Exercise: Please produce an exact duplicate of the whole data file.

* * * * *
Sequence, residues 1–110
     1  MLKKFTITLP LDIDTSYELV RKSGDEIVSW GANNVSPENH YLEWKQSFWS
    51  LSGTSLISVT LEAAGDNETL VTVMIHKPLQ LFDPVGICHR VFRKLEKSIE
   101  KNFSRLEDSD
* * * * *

Sequence, residues 1–110
     1  MLKKFTITLP LDIDTSYELV RKSGDEIVSW GANNVSPENH YLEWKQSFWS
    51  LSGTSLISVT LEAAGDNETL VTVMIHKPLQ LFDPVGICHR VFRKLEKSIE
   101  KNFSRLEDSD